Stocks are processed in milliseconds. Chauffeured cars can be summoned almost instantly. Yet people are still routinely made to slow down and cool their heels. We wait in lines at the grocery store and the doctor’s office, on the phone with customer service, and virtually when buying concert tickets or waiting for a website to load.
But as consumers are coming to expect ever-faster service, companies are looking for ways to keep lines moving. Customers are, too, and have found some shortcuts. For example, if you’re stuck on hold with an automated phone system, it may fast-track you if you swear, according to the technology news site TNW.
Researchers specializing in queuing theory may have better solutions. For most of the past century, operations researchers developed systems to reduce lines, and they were largely successful at streamlining factories, telephone exchanges, and other tasks. But with the service sector now dominating the economy, some recognize that they need a new approach, one that takes into account human behavior. Many lines that form these days are affected by people’s quirks and biases—including their propensity to swear or hang up when frustrated by circuitous automated phone systems. Anticipating these reactions could help one person cut the line, but could also help many people more quickly get what they’re waiting for.
Get in the queue
Queuing theory is a branch of mathematics that optimizes waiting times. Some of the earliest work was done at the turn of the 20th century by the Danish mathematician Agner Krarup Erlang, who tried to predict load times for the telephone exchange so that people could pick up a receiver and hear a dial tone rather than a busy signal.
Since then, much work in the field has focused on waiting times in automated environments, such as manufacturing, or on fairness and scheduling in computer science. Consider a semiconductor factory, where silicon wafers are made for use in electronic devices. Research has developed ways to organize the factory so that each wafer is fabricated in the fastest and most efficient way. These factories are in some ways an ideal test case for wait times. The goods produced are delicate and expensive, giving companies an incentive to carefully but expeditiously move them through the production line and out the door. No company wants to build up unnecessary inventory and get stuck paying for storage. Traditional queuing theory assumed that jobs would wait forever to be processed. Those silicon wafers, after all, are inert and not going anywhere on their own accord.
But over a few decades, the manufacturing sector has contracted while service has expanded to represent roughly two-thirds of US economic activity. The trend has taken hold across the globe: according to the World Bank, the service sector added 65 percent in value to overall GDP in 2017, versus 62 percent in 1997. As this has happened, queuing theorists have become more interested in the human side of queues. In hospitals, restaurants, and shops, lines comprise people, not inanimate objects. People are at the front of lines, too, routing patients to hospital beds, leading hungry patrons to tables, or ringing up purchases.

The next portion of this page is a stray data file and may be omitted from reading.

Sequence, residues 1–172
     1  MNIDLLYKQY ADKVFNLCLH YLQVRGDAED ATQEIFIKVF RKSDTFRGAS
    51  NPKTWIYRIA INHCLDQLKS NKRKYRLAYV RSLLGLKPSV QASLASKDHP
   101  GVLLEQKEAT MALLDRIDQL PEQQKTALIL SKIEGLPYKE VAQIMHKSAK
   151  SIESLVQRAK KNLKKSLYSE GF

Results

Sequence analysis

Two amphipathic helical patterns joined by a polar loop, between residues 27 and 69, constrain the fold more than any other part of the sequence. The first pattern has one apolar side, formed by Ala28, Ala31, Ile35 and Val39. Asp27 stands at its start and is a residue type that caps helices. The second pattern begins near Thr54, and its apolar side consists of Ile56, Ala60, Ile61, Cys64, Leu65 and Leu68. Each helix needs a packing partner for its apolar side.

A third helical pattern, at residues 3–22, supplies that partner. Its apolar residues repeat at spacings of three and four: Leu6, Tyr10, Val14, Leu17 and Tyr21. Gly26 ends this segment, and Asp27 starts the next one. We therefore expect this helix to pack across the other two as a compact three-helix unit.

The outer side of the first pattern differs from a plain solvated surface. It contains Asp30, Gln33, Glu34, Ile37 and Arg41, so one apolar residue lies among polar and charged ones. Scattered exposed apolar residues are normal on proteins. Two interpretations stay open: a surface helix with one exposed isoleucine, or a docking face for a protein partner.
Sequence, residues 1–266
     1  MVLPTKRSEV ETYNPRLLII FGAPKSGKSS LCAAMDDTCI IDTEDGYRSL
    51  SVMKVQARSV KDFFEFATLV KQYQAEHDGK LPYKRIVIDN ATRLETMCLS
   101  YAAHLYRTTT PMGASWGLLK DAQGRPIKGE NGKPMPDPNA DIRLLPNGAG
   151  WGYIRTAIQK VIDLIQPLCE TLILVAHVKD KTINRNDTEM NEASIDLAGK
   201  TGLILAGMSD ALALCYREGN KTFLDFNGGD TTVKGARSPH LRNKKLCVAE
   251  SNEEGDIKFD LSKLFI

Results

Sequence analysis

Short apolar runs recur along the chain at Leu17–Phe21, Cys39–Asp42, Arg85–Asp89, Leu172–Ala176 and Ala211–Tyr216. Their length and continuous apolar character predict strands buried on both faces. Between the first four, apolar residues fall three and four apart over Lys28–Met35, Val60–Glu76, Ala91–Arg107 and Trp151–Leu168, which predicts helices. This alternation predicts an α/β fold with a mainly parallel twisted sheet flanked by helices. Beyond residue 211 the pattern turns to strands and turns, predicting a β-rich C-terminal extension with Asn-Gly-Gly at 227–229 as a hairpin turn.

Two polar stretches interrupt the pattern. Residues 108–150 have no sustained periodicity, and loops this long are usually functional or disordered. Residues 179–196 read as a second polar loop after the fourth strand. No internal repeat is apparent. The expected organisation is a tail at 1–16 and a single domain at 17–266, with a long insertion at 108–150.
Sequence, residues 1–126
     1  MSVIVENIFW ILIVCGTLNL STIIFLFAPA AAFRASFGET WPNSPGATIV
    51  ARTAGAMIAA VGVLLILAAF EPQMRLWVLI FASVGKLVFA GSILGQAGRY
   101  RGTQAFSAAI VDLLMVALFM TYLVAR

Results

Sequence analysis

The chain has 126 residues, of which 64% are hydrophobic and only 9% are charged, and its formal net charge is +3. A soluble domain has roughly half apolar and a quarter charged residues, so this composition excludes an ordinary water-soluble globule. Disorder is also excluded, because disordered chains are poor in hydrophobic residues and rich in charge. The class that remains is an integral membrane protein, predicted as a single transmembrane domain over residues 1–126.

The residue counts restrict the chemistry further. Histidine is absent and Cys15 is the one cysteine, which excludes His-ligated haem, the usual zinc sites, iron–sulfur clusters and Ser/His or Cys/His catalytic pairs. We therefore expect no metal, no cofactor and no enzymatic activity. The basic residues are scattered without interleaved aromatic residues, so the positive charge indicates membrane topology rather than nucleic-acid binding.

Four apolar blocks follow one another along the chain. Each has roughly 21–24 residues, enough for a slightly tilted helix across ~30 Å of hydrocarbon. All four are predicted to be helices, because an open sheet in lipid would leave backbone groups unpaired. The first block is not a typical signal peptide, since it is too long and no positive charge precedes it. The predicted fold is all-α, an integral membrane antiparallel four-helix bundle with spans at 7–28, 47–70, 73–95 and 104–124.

With $200 billion in annual revenues, according to outsourcing expert CustomerServ, the call-center business represents a particularly good example of an industry that involves both long wait times as well as that crucial factor of human reactions. At call centers, both customers and customer-service agents are masses of feelings, biases, and restlessness. “We need to develop formulas that take into account human behavior; for example, customers hanging up,” says Chicago Booth’s Amy R. Ward.
This requires different math than used in the factory context. Most academics look at queuing theory by using stylized models that involve exponential distributions and require finite-state dimension. These models mostly reveal the way things should behave, but not the way things actually happen in the real world, says Amber Puha of California State University at San Marcos. Puha studies measure-valued processes, a tool that allows for writing equations to track how long every customer in a line has been waiting, and how long every customer being helped has been speaking to an agent.
To set up the kind of queuing problem that presents itself at a call center, Puha, Ward, and other operations researchers first divide customers into classes depending, for example, on the type of service desired. One person calling a bank might want to know her account balance, while another might want to report a stolen credit card. The goal is to design control policies that push customers through the process as quickly as possible. For most companies, the point at which someone calls in and needs to be paired with an agent is the start of the challenge. Quality of service is measured by short wait times, and the first point of contact affects the company’s reputation.
Customers who refuse to wait provide an example of how human behavior can short-circuit a traditional queuing model. People hang up when they’re frustrated. Wafers do not. “We’re interested in more fully understanding the implications of this, how to maximize revenue, minimize customer dissatisfaction, and maximize customers being happy with the service,” says Puha.
In one project, Puha and Ward set up a mathematical model that incorporates different types of customers, and use a probability model to distribute them, seeking to capture the behavior of frustrated humans hanging up when on hold. Then they analyzed how the system works when the number of call-center agents is very large.